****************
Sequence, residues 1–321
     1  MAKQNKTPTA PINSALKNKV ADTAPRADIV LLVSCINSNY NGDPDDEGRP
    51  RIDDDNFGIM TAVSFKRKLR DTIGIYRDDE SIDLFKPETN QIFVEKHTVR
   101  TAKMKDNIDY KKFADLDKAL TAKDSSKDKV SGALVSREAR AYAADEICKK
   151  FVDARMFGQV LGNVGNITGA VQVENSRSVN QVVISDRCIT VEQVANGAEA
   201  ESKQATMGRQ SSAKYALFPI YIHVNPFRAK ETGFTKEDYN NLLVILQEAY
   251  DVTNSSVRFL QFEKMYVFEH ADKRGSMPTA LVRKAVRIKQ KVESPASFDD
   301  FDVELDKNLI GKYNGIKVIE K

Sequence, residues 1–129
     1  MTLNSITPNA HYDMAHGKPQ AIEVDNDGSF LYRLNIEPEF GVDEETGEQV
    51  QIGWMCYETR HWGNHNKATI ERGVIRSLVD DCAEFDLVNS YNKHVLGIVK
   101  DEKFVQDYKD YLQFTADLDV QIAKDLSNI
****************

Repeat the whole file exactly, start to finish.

Sequence, residues 1–321
     1  MAKQNKTPTA PINSALKNKV ADTAPRADIV LLVSCINSNY NGDPDDEGRP
    51  RIDDDNFGIM TAVSFKRKLR DTIGIYRDDE SIDLFKPETN QIFVEKHTVR
   101  TAKMKDNIDY KKFADLDKAL TAKDSSKDKV SGALVSREAR AYAADEICKK
   151  FVDARMFGQV LGNVGNITGA VQVENSRSVN QVVISDRCIT VEQVANGAEA
   201  ESKQATMGRQ SSAKYALFPI YIHVNPFRAK ETGFTKEDYN NLLVILQEAY
   251  DVTNSSVRFL QFEKMYVFEH ADKRGSMPTA LVRKAVRIKQ KVESPASFDD
   301  FDVELDKNLI GKYNGIKVIE K

Sequence, residues 1–129
     1  MTLNSITPNA HYDMAHGKPQ AIEVDNDGSF LYRLNIEPEF GVDEETGEQV
    51  QIGWMCYETR HWGNHNKATI ERGVIRSLVD DCAEFDLVNS YNKHVLGIVK
   101  DEKFVQDYKD YLQFTADLDV QIAKDLSNI